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April 10, 2014

Kids, Violence & Video Games: There are Grave Consequences. ~ Rose Campbell

Kids with guns

I can’t be the only parent out there completely disgusted with the media and toy companies and their portrayal of violence directed towards very young children, can I?

I feel like it is so hard to be a parent today when our children’s innocence is taken all too early by things like guns, explosions, media crazes, video games, etc. I know I am not an overly protective parent just because I don’t want my four year old watching a show where people shoot at each other without consequences.

And that is where the problem lies. There are no consequences. Because in real life when you shoot someone, there are consequences, injuries, death. But in a video game? No. When a cartoon turtle is doing it? No. When a tiny man made of Legos is doing it? Somehow it is supposed to be okay.

Everyone says, “He is just a boy, he is supposed to play with weapons and pretend to shoot things.” This I do agree with, I feel that there is some sort of primal urge to use weapons.

The difference is, however, that in past generations kids knew the consequences. They knew that killing someone was wrong and that a gun should not be a toy but instead used for hunting and protection. Their eyeballs were not flooded with violence day in and day out, not only on the television, but in the toy aisles, billboards and other advertisements.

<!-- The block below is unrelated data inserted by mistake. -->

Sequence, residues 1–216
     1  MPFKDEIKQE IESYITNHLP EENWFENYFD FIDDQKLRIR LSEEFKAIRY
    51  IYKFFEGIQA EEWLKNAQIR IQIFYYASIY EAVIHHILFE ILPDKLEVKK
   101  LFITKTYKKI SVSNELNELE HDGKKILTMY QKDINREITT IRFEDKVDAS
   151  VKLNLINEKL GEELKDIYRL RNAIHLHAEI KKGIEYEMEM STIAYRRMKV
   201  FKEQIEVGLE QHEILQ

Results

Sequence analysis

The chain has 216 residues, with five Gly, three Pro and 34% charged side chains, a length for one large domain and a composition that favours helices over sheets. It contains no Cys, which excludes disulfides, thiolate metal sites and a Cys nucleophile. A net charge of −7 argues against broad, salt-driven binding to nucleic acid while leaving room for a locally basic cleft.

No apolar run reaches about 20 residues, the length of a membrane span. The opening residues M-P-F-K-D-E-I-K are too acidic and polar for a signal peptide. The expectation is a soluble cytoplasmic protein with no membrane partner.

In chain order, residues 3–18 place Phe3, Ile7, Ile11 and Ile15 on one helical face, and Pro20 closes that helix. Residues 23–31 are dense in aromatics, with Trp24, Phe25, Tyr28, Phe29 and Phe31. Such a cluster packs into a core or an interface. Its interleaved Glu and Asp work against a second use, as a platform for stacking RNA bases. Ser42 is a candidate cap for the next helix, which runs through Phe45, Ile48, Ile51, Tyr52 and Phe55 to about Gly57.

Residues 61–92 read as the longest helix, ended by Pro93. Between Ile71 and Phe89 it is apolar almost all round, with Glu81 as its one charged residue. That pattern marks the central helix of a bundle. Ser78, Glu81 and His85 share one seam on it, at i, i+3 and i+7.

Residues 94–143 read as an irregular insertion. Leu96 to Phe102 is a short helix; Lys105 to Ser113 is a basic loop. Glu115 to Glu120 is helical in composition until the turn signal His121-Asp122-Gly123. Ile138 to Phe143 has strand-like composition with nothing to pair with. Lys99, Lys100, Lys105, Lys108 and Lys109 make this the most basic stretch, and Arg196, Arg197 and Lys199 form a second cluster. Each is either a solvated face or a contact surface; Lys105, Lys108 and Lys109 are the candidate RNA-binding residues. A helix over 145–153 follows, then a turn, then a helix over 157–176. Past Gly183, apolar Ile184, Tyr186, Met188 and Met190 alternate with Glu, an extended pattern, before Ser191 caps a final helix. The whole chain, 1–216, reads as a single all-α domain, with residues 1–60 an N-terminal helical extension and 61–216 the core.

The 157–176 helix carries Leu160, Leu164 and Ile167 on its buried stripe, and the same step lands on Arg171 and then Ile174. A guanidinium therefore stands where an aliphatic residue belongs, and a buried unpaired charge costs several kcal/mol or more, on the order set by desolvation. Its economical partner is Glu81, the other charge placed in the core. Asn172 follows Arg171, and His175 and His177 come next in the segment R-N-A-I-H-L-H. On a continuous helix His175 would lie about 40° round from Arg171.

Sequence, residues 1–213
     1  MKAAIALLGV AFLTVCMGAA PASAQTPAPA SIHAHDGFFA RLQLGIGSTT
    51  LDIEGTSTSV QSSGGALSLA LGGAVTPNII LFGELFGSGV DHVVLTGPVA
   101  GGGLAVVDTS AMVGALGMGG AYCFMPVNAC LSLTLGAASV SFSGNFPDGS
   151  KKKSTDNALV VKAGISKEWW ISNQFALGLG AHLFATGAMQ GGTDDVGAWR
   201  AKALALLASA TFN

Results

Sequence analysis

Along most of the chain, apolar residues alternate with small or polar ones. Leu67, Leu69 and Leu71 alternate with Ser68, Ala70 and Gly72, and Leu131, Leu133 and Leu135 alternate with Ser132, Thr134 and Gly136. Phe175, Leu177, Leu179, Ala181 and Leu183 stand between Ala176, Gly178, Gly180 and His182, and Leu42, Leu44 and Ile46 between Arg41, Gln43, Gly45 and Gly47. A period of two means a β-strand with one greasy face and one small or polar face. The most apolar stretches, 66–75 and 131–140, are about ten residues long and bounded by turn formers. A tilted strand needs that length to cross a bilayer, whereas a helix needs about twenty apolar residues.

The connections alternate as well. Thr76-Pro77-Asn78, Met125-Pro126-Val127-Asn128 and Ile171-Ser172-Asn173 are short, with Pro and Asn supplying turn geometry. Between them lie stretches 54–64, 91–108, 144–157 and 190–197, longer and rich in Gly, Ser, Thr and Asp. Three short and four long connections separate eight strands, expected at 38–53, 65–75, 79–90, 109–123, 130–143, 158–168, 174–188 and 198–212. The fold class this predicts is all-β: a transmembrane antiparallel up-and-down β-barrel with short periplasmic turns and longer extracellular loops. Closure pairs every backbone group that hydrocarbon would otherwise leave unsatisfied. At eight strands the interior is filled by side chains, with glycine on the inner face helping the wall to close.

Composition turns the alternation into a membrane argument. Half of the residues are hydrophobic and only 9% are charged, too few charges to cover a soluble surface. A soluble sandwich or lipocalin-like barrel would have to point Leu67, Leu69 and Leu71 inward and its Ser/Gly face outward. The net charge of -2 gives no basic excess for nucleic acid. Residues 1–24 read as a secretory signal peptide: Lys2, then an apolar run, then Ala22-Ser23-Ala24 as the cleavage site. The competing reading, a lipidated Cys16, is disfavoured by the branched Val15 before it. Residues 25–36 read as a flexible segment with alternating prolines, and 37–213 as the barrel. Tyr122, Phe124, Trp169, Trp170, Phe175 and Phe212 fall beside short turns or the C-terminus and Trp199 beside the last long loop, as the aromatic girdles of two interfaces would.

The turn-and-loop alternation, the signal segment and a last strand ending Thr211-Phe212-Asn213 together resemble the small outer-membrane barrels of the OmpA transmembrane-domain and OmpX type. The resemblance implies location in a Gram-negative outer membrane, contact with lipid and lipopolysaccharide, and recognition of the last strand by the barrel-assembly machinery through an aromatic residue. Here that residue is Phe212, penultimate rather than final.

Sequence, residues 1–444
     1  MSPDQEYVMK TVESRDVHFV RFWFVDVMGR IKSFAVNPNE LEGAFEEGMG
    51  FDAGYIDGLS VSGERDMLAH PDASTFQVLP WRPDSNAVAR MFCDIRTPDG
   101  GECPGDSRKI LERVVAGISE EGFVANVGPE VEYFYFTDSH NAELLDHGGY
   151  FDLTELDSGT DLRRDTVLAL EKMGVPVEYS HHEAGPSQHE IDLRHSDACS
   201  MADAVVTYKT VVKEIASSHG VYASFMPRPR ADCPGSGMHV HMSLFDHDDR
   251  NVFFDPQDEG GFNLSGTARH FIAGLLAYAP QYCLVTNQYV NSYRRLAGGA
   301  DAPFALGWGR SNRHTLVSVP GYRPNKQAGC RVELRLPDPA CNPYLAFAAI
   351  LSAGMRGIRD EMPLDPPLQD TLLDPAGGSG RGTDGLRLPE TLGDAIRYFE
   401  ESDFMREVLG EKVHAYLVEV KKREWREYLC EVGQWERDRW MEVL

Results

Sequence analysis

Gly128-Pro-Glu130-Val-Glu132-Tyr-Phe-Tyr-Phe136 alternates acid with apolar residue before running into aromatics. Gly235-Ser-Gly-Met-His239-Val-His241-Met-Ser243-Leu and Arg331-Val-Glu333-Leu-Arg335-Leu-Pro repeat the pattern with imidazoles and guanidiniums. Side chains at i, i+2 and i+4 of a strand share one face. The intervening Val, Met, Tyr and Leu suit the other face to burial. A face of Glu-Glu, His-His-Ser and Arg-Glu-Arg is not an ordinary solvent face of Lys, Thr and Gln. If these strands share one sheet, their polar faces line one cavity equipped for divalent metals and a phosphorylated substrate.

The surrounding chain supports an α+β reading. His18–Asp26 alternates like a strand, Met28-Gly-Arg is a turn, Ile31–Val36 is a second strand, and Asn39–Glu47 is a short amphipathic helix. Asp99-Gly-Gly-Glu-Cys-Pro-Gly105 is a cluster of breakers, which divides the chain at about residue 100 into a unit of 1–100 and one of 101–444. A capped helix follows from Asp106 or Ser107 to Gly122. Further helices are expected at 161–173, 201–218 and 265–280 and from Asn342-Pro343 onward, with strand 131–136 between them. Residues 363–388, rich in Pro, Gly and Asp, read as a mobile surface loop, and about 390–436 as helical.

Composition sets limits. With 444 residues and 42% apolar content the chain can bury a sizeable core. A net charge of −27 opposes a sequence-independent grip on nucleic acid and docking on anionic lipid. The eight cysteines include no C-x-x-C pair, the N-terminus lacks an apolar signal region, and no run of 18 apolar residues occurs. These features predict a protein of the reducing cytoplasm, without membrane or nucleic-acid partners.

They might pretend to be a cowboy with a rifle, but their imaginations were directing the play, not the imaginations of fully grown adults trying to get them hooked onto the latest television show, video game or toy product.

I can’t be the only parent that has a problem with this. I am ending my rant now. I will not give in to these strangers in the media trying to pull my son into their web because they want to make a buck. I will, however, try my best to balance out his need to be a boy, a kid, and use his imagination with his need to know how to be a compassionate member of society.

It is the same struggle that I know most parents out there are facing. Girls have a different struggle but it is equally as important. The only way to create change is at the consumer level.

What are your thoughts?

 

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Apprentice Editor: Ffion Jones/Editor: Travis May

Photo: Flickr

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Rose Campbell